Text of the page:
Report Move Toward Mayor's School Plan, But Budget Still Stalled
With a Friday midnight deadline for agreement on the state budget coming steadily closer, Democrats and Republicans in Albany were reported to be close to a compromise on Mayor Michael Bloomberg's school construction funding plan, which would remove a key impediment toward achieving a final settlement on the state's spending plan.
The legislative leaders have already reached agreement on rejecting Governor George Pataki's proposal to boost CUNY and SUNY tuitions by $300 to $500 a year and also his plan to cut the popular Tuition Assistance Program (TAP) for students.
There was still no agreement on the rival plans to cut taxes and to provide rebates to parents of school children and seniors for their property and school tax payments.
Republicans in the senate were reportedly scaling back business tax cuts in their $6.3 billion tax cut package and, like the Assembly Democrats, were focusing more on property tax rebates. Democrats were still pushing to eliminate the sales tax on clothing items under $110.
Still facing the lawmakers are major disagreements over how to reduce Medicaid fraud and save the state about $325 million. The hangups here are whether Pataki, a lame duck, should have the power to appoint a new inspector general for a five-year term and whether whistleblower lawsuits should be allowed.
Democrats favor the whistleblower suits, saying they will help unearth more instances of fraud, but Republicans oppose them, saying trial lawyers would reap a bonanza.
As for the inspector general issue, Democrats argue that Pataki, who'll be out of office by year's end, should not be appointing an IG who will be in office throughout the next governor's first term, with the likelihood that a Democrat, Eliot Spitzer, will be occupying the governor's chair next January and for the next four years.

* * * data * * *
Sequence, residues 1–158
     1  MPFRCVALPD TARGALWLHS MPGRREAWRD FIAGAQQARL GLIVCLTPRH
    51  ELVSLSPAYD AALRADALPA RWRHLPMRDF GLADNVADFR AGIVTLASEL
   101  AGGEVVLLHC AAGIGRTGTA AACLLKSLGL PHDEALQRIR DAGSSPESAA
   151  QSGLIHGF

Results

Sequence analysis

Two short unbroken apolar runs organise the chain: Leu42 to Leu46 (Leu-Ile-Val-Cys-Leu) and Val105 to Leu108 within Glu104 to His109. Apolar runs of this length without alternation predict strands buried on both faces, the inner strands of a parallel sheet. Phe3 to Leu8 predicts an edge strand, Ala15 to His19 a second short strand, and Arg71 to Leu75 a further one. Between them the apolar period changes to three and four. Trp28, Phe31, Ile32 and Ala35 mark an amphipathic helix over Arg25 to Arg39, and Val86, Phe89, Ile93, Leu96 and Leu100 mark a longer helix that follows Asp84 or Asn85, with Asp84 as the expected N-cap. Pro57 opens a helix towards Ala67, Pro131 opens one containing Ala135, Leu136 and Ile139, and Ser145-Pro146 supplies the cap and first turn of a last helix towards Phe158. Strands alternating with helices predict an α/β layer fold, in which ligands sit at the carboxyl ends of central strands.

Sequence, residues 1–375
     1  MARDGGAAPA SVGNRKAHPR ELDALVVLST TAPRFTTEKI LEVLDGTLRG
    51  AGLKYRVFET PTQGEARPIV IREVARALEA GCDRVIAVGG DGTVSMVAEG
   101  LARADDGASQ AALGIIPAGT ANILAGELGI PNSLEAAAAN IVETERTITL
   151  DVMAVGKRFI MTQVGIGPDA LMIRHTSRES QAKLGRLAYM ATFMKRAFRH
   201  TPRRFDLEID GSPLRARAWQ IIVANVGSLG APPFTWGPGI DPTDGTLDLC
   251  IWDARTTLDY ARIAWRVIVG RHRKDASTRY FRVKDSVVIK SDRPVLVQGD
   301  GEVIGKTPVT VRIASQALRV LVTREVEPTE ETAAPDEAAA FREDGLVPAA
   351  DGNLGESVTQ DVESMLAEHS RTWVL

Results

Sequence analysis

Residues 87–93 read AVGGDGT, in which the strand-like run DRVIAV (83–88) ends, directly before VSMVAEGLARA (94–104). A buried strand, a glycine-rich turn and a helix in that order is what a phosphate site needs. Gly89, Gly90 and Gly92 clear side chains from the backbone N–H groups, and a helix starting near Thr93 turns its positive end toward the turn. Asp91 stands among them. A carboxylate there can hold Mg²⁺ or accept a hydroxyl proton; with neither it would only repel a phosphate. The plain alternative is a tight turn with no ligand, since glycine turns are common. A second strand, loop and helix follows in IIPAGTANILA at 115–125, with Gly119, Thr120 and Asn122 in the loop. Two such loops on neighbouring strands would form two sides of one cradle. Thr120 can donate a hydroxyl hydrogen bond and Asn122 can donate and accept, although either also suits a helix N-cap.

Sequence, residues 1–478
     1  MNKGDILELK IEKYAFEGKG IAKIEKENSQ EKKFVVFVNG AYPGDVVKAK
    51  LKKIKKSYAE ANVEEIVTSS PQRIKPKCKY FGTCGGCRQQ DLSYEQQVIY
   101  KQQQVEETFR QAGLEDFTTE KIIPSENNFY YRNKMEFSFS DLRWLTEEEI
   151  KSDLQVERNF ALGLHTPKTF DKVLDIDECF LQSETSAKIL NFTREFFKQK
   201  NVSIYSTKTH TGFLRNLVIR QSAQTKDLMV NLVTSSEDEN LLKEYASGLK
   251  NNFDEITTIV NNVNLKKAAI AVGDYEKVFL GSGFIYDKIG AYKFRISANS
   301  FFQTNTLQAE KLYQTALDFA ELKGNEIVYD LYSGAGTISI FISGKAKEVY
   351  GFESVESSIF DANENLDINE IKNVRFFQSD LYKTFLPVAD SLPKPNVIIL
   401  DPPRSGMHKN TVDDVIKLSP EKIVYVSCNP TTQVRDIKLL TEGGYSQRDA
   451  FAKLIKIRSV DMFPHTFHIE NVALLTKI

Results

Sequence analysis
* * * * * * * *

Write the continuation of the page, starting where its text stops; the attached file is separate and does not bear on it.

Under the reported tentative deal worked out on the mayor's school construction demands, the city would get $1.8 billion in the coming fiscal year to build schools and another $4.7 billion would be earmarked for the city over the following four years.
The funds would come by authorizing the state Dormitory Authority and the city Transitional Finance Authority to borrow the money.
Republicans had up to this point proposed authorizing $1.8 billion for the city to cover the cost of borrowing the construction funds for the first year of the five-year building plan.
But the mayor and Democratic Assembly Speaker Sheldon Silver had said this was not sufficient to meet the mayor's demands for a fiveyear program. The Assembly plan would authorize the Dormitory Authority to borrow the funds for the longer-term deal the mayor wanted.
However, the reported agreement calling for $1.8 billion initially and for $4.7 billion over the next four years does not appear to have the firm commitment the mayor wants in this year's budget.
The Gazette was attempting to get confirmation of the reported agreement and the long-term commitment as the paper went to press early yesterday evening.
Meanwhile, it was reported that legislative leaders had agreed to provide schools statewide with $1.1 billion for day-to-day operation. This would mean an additional $400 million for New York City schools in the fiscal year beginning April 1.
Sitting on budget surplus estimated to range from $2 billion to $4.3 billion, and with an election year ahead, the governor, Bruno and Silver have proposed multi-year, multi-billion tax-cutting packages. The Republican senate has put together a $6.3 billion plan, and the Assembly has kicked in with a more modest $2.4 billion annual cut.
All leaders favor the elimination of the socalled marriage penalty, which penalizes husbands and wives filing joint returns.
If the penalty is eliminated, a married couple with two children, annual income of $150,000 and using the standard deduction would save $821, according to the state Division of the Budget.
All principal players also favor granting tax credits to lowerand middle-income families with children and rebates on property and school taxes. With these agreements in place, it should take little more effort to work out a compromise on the rival plans.